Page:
Let's get right to the point: Is it any good? There seems to be no limit to the compulsive ambition of actor James Franco ("Spider-Man," "127 Hours"), who - aside from having his first solo art exhibit this year, pursuing a PhD from Yale and various other academic and creative endeavors - has now published his first book, "Palo Alto," a collection of stories.
The seriousness of his intent is not in question. He has plenty of fame already, and there are far easier ways to boost your celebrity quotient than writing a book. Unfortunately, the results of his fiction writing efforts are uneven at best.
Many of the 11 stories read like exercises from an MFA creative writing class; in fact, Franco has an MFA from Brooklyn College. That said, Franco's writing isn't as bad as a cynical reader might expect. (He hardly sinks to the level of Jewel's poetry.) His prose is decent and occasionally impressive.
The 32-year-old author was born and raised in Palo Alto, Calif., and his hometown makes a compelling setting for an exploration of the lives of aimless suburban teenage misfits. Yet even as he examines themes of violence, sex, drugs and self-destruction, he never offers much insight into his characters' behavior. They're just a bunch of slackers.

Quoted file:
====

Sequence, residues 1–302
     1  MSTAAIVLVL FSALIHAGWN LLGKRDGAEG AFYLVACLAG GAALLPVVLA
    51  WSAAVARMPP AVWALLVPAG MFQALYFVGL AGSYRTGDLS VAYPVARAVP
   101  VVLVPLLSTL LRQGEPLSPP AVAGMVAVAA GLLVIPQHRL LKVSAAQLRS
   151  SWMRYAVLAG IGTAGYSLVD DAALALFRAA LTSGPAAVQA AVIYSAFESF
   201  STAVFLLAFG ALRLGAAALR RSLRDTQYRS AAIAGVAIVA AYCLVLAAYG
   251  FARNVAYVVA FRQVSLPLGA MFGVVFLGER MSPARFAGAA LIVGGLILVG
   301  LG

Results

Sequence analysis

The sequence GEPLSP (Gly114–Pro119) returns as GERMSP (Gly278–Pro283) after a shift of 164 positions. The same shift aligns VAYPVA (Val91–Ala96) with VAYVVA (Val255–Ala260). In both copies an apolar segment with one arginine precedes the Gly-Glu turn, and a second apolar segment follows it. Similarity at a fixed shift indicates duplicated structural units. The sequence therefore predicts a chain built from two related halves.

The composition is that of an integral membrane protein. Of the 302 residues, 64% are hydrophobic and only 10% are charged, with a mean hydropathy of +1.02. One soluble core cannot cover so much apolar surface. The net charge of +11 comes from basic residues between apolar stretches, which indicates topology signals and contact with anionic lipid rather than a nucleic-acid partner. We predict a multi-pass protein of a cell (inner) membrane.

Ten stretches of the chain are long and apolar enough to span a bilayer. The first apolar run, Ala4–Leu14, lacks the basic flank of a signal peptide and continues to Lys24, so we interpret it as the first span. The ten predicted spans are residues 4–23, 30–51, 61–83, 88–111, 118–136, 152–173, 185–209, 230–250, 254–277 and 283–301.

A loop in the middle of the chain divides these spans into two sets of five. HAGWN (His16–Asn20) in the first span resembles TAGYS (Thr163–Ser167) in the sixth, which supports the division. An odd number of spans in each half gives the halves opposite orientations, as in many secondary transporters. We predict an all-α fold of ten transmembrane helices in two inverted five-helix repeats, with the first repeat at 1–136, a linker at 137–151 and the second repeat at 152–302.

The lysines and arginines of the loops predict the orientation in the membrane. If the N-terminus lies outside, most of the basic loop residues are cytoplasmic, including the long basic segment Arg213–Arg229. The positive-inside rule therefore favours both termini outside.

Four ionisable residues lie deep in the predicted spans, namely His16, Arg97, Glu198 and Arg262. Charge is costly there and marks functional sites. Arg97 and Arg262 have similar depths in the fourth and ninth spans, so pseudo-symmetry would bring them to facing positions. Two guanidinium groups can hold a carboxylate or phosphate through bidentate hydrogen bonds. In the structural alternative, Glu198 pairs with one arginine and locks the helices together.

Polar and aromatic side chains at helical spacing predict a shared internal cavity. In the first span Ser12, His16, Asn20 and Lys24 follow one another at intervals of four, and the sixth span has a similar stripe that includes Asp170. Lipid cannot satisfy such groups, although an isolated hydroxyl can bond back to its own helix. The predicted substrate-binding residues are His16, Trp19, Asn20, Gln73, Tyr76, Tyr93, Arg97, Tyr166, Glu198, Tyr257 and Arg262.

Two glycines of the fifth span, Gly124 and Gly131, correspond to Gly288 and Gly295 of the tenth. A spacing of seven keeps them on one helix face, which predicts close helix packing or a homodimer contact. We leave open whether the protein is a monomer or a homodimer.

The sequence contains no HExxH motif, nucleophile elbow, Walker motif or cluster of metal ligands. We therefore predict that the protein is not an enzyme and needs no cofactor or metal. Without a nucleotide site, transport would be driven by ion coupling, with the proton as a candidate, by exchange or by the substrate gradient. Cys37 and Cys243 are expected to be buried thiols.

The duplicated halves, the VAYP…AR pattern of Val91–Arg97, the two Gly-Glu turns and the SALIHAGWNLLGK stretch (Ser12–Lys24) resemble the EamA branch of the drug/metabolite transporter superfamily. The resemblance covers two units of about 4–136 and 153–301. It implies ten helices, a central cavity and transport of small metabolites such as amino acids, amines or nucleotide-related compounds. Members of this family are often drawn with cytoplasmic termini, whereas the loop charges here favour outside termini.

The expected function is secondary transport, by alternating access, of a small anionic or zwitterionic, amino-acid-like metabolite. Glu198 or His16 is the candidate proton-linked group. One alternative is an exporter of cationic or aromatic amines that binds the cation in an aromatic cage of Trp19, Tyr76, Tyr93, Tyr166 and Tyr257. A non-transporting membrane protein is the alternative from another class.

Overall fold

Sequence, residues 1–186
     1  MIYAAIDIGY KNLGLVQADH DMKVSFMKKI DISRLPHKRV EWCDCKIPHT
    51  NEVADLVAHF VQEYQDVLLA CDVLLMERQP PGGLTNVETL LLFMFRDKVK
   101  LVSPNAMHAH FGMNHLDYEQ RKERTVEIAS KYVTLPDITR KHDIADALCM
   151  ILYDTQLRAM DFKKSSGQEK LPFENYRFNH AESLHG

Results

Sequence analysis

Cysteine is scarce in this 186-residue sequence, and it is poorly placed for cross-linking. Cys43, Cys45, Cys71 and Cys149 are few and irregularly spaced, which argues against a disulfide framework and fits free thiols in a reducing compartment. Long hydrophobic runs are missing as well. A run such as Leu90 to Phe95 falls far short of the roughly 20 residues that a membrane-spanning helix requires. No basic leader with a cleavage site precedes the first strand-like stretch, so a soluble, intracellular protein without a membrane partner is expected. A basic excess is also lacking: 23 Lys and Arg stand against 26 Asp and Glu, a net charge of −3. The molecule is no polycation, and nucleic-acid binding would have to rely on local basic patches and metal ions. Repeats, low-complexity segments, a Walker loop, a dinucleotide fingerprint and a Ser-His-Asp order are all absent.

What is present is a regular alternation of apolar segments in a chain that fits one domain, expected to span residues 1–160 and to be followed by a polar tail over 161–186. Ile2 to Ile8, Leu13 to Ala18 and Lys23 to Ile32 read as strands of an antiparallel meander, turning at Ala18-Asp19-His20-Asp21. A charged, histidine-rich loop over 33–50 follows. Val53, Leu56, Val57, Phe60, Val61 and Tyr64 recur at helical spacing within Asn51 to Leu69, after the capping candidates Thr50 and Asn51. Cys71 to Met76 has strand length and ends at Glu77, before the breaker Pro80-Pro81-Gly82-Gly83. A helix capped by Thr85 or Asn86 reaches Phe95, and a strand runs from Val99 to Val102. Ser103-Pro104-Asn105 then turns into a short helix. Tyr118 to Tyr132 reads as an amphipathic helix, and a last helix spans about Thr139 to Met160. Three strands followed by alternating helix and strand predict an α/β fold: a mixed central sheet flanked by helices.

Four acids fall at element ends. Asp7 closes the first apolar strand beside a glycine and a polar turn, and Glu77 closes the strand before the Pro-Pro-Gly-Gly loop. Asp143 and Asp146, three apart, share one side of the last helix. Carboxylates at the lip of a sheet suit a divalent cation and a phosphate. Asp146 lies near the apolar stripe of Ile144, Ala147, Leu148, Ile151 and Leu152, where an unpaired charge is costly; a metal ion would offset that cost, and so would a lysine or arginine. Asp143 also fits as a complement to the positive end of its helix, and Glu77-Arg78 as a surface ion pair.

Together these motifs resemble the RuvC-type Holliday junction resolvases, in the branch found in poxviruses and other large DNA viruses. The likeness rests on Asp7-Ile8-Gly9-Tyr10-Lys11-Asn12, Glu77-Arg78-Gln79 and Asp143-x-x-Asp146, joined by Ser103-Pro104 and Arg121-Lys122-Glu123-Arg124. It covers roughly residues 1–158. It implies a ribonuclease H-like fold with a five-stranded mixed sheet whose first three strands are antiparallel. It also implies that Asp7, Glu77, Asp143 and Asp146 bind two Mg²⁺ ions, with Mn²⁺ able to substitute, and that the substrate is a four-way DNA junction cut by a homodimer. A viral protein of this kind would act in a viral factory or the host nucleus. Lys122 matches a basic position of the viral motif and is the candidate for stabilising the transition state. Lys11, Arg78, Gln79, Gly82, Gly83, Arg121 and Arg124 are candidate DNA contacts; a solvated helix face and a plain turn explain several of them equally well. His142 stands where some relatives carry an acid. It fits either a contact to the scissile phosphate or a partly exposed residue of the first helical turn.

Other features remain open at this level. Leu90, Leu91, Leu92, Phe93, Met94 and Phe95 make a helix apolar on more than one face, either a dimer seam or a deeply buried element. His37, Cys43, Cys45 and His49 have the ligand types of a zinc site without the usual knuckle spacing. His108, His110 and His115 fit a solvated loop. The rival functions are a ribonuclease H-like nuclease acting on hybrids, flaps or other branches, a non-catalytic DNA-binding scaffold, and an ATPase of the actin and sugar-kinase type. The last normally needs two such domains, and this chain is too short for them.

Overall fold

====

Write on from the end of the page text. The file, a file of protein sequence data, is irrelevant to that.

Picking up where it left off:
Some stories prove compelling: In "Halloween," Franco effectively conveys a tense interaction between the young male narrator and a fellow student whom he learns has given acid to the narrator's girlfriend, which leaves him furious. "His eyes actually looked worried," he says. "It was not the reaction I was expecting. I suddenly felt powerful and a little bad for him at the same time." This story leads up to an incident in which the narrator accidentally runs over a woman while driving in a fit of rage. After a few years, though, the trauma is gone: "I'd drive past the corner, and it seemed like the accident only happened in a movie," he says.
Elsewhere, as in "Lockheed," Franco's attempt to capture an adolescent voice falls flat: "I got drunk only once, at a wedding. I puked behind a gazebo. I was with my cousin Jamie, who is gay. He goes to high school in Menlo Park, which is a five-minute drive. He is my only friend. He smokes menthol cigarettes."
Although "I Could Kill Someone" reads like a bad Bret Easton Ellis impression, a few of the stories are exceptional: "American History" chronicles a mock-classroom debate about slavery that turns into an ugly, violent confrontation between students. And "Tar Baby" conveys the frustration of a troubled boy whose inexplicable anger seeks a target the night of a classmate's party.
"Palo Alto" suffers from a lack of depth and a tonal sameness, but this gifted actor displays enough talent and potential that you shouldn't dismiss him as a wannabe writer just yet.
PALO ALTO, by James Franco. Scribner, 197 pp., $24.